Seven of the Best New Perennial Flowers of 2023

Lots of interesting new perennial flowers are set to debut in the 2023 growing season.

Some offer new flower colors, some bloom longer than ever, and some sport novel leaf shades in addition to their flowers.

Here are seven distinctive newcomers worth checking out.

Salvia nemorosa ‘Blue by You’. Photo courtesy Darwin Perennials.

Salvia ‘Blue by You’

This drought-tough, bee-friendly, deer- and rabbit-resistant introduction is the only new perennial that scored well enough in nationwide trials to earn a national All-America Selections award for 2023.

AAS trial judges said that salvia ‘Blue by You’ stood out for its exceptionally large, purple flower spikes and its early bloom time – up to two weeks sooner than most salvias, which typically start blooming in mid-May.

‘Blue by You’ also gives repeat blooms in late summer to early fall, especially when the spent first round of flowers are snipped off (“deadheaded”).

Plants grow about 22 inches tall and are winter-hardy in USDA growing Zones 4b to 9a.

Echinacea Artisan™ Collection Yellow Ombre. Photo courtesy PanAmerican Seed.

Coneflower Artisan™ Yellow Ombre

This compact, deer- and disease-resistant native performed well enough in trials to earn 2023 AAS honors in the Southeast and Northeast regions of the U.S.

Coneflower Artisan™ Yellow Ombre stands out on three fronts – it’s stocky and compact at under two feet tall, it has rich golden-yellow flowers, and it blooms an unusually long time, from June to September.

Yellow Ombre does best in full sun, is drought-tough once established, is attractive to birds and butterflies, and is winter-hardy in Zones 4a to 10b.

Leucanthemum Carpet Angel®. Photo courtesy All-American Selections.

Shasta daisy Carpet Angel®

Carpet Angel® is a break-through for its super-short size. It’s being billed as the first groundcover Shasta daisy (Leucanthemum) – a variety that can fan out 20 inches wide but that grows only six to eight inches tall.

Shasta daisies typically grow two to three feet tall.

Carpet Angel is another very long-blooming perennial, producing semi-double white flowers throughout the summer. The flowers have a large, frilly white central cone with longer white petals drooping around the perimeter.

The variety did well enough in trials to earn a 2023 AAS award in the West/Northwest and Mountain/Southwest regions.

Plants grow in sun or part shade and are winter-hardy in Zones 4a to 10b.

Astilbe ‘Dark Side of the Moon’. Photo courtesy Walters Gardens

Astilbe ‘Dark Side of the Moon’

Fanciers of dark-leafed plants will love this new shade-tolerant perennial that’s the market’s first dark-leafed astilbe with purple flowers.

The leaves of ‘Dark Side of the Moon’ emerge yellow with a glossy, dark margin and then morph to a uniform, deep-chocolate/burgundy.

That look earned the plant the National Garden Bureau’s 2023 Green Thumb Award as the year’s best new perennial.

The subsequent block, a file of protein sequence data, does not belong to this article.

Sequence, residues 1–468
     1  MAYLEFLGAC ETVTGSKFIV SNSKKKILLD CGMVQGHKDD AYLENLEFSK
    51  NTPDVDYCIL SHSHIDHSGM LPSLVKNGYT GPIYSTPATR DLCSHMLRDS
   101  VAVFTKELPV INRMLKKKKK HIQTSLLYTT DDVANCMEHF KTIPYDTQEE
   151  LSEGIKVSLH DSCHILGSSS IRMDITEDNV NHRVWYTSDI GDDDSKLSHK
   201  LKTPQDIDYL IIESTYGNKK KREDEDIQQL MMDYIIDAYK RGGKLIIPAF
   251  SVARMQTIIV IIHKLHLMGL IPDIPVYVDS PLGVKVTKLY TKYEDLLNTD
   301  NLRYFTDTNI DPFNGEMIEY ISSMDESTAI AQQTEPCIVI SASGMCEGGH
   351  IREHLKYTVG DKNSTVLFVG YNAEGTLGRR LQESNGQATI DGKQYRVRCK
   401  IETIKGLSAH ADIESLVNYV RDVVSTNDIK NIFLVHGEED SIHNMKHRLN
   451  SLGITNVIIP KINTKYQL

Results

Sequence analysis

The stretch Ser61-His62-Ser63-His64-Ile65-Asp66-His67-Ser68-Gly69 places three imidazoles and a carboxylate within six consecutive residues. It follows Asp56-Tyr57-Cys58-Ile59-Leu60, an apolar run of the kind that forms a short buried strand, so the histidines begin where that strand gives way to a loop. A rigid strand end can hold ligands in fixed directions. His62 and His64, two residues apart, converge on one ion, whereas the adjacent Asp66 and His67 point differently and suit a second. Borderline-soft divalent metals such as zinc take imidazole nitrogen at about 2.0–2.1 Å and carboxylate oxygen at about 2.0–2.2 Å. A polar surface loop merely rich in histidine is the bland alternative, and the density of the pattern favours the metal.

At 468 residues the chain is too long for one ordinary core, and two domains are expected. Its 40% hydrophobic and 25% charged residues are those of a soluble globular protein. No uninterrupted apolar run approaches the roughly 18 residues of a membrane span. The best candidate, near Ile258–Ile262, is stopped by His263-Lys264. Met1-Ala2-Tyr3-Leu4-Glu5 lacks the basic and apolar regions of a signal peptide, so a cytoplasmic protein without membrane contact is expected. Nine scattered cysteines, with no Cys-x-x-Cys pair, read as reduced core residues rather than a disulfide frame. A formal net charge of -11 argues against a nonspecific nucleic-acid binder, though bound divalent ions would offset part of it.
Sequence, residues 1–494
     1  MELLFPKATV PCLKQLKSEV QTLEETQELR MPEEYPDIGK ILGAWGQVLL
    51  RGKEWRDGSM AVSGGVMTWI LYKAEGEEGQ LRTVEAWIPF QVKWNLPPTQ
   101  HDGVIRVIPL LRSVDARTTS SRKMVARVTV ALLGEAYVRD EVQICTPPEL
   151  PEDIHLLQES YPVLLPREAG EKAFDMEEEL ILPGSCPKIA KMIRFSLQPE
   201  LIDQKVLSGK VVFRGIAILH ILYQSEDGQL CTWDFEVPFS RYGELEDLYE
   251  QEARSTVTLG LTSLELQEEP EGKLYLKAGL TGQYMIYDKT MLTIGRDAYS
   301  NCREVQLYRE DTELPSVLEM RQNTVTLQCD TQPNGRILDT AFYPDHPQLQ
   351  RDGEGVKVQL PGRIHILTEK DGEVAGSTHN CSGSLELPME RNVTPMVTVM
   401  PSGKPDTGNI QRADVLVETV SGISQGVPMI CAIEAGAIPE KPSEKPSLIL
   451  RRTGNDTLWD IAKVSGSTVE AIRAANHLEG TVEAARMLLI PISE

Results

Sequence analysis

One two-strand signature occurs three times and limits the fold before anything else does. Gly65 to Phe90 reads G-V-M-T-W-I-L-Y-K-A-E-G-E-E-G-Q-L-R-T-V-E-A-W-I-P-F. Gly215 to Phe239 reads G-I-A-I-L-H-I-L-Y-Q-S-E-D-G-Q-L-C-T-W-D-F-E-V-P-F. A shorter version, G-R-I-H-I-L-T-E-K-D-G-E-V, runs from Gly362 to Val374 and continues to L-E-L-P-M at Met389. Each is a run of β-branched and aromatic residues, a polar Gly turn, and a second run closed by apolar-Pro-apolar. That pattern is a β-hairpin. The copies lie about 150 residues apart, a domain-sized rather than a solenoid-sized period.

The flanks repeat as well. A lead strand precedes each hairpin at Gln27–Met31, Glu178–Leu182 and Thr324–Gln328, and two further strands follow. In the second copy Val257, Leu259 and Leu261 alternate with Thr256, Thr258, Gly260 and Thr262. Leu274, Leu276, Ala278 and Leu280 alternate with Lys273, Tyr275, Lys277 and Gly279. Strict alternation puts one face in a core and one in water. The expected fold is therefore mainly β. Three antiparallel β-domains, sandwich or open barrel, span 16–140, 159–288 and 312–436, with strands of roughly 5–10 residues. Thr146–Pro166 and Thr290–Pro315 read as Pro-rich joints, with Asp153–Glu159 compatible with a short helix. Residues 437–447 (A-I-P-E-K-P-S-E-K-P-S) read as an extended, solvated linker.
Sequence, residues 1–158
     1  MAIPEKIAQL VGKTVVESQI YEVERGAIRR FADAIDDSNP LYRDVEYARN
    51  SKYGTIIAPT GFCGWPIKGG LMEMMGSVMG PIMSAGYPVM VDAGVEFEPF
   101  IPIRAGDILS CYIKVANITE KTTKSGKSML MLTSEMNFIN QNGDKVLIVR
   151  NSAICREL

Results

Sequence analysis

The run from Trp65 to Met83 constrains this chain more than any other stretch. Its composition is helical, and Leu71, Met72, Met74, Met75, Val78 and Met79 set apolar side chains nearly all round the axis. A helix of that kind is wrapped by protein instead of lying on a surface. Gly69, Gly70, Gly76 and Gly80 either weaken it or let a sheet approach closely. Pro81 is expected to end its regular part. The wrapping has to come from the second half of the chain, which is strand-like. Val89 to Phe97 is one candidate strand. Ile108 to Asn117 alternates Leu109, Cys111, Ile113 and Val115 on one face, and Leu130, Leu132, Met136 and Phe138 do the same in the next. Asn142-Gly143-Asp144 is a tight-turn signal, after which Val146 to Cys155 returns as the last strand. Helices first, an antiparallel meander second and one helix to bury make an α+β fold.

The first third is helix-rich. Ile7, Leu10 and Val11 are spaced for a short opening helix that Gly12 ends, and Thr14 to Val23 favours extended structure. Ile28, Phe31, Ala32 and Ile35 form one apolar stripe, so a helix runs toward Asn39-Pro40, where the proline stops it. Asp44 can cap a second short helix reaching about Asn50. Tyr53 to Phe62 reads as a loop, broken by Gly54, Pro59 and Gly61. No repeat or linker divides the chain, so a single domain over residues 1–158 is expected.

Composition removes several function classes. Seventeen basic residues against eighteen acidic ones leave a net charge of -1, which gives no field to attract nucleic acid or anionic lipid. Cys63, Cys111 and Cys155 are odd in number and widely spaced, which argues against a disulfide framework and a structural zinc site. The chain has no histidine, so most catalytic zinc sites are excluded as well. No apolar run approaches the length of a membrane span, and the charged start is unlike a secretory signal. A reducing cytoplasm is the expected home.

‘Dark Side of the Moon’ grows 20 to 22 inches tall, including the late-summer rosy-purple flower spikes. It’ll do well in shade or part shade (full sun, too, if kept damp) and is hardy in Zones 4-9.

Delphinium ‘Red Lark’. Photo courtesy Darwin Perennials.

Delphinium ‘Red Lark’

Delphiniums are among the showiest of perennials with their huge flower spikes of blue or purple, but what sets ‘Red Lark’ apart is its novel coral-red blooms.

That new color turned enough heads at the plant industry’s 2022 Cultivate show in Ohio that ‘Red Lark’ won the show’s 2022 Retailer’s Choice Award as the new perennial with the best potential to become a garden-center best-seller.

‘Red Lark’ blooms from late spring into summer and has strong enough stems that it doesn’t need staking to support its large flower spikes. Including the flower spikes, plants top out at four feet tall.

‘Red Lark’ grows best in full sun and is hardy in Zones 5a to 8b.

Scutellaria Appalachian Blues. Photo courtesy Plants Nouveau

Skullcap (Scutellaria) ‘Appalachian Blues’

Here’s a new natural-hybrid, bee-favorite perennial that will give gardeners a native alternative to salvias and lavender.

The leaf edges of skullcap ‘Appalachian Blues’ are eggplant-purple and the flowers are similar in form to salvia. The flower color is a bicolor blend of blue and white with black bases.

Plants grow about two feet tall in sun or shade. The variety is hardy in Zones 4 to 9.

Pulmonaria ‘Silver Scimitar’. Photo courtesy Terra Nova ® Nurseries, Inc.

Lungwort (Pulmonaria) ‘Silver Scimitar’

Showy bicolor flowers and silvery foliage combine to make this shade-preferring perennial a colorful one all season long.

Lungwort ‘Silver Scimitar’ has wavy-edged, strap-like leaves that are nearly pure silver. The flowers are a blend of pink and purple and appear in April and May.

Plants grow about eight inches tall with the flowers reaching up another nine inches.

Like all lungworts, ‘Silver Scimitar’ grows best in shade or part sun and is deer-resistant and an early-season draw for hummingbirds. It’s hardy in Zones 4 through 9.

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